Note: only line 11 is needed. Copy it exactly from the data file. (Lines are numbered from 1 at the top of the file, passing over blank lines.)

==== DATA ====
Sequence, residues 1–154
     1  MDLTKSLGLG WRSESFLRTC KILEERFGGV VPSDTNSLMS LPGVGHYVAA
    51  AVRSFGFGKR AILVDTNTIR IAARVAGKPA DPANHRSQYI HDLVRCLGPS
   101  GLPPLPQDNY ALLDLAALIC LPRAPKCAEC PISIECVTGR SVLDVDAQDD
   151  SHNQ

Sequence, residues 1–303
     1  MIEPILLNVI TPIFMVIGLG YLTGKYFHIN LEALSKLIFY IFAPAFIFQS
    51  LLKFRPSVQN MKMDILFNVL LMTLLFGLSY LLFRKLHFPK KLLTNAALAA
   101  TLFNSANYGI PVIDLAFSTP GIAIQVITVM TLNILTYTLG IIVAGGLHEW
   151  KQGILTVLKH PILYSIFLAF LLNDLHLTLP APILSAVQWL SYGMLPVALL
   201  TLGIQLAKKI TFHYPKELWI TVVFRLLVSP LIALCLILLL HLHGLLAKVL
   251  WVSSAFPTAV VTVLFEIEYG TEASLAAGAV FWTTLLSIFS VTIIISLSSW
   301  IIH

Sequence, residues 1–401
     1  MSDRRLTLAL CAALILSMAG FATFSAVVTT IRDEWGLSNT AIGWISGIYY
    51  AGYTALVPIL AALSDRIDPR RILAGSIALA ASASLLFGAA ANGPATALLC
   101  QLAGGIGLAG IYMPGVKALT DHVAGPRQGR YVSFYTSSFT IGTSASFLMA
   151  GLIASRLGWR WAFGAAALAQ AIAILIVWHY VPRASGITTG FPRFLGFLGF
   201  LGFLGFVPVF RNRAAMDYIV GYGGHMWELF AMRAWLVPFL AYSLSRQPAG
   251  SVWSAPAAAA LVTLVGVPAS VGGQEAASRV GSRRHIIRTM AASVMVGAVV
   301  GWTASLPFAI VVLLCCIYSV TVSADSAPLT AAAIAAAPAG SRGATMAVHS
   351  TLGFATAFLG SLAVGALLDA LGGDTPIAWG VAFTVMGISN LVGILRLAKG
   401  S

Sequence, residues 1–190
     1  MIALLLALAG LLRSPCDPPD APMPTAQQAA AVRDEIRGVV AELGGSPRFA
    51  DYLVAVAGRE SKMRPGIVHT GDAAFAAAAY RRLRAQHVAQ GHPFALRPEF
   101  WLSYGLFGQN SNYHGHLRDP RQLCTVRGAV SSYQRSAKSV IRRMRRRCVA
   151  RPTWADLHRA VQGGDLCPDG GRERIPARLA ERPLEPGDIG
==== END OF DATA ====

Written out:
   201  TLGIQLAKKI TFHYPKELWI TVVFRLLVSP LIALCLILLL HLHGLLAKVL